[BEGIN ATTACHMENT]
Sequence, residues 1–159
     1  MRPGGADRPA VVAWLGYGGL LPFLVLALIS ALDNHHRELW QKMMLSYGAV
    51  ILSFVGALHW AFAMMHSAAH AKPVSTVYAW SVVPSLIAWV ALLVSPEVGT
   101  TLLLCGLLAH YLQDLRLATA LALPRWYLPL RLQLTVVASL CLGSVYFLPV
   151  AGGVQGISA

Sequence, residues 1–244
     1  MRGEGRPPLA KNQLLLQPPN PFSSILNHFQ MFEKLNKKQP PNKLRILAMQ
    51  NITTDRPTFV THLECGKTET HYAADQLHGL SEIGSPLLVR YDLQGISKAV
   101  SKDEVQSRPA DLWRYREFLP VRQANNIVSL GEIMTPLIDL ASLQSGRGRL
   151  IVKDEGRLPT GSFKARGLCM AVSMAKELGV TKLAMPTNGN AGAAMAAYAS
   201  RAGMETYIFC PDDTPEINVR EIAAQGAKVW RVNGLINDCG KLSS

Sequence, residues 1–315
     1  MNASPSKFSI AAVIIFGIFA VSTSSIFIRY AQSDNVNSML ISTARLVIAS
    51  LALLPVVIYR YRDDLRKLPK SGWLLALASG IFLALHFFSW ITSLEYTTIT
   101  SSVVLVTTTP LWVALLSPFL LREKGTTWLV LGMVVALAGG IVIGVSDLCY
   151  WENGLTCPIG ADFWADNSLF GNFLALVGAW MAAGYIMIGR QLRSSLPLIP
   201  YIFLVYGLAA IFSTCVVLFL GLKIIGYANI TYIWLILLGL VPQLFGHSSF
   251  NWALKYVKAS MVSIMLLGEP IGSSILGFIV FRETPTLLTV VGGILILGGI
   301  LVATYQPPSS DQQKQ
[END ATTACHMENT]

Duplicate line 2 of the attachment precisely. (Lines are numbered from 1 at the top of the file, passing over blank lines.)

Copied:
     1  MRPGGADRPA VVAWLGYGGL LPFLVLALIS ALDNHHRELW QKMMLSYGAV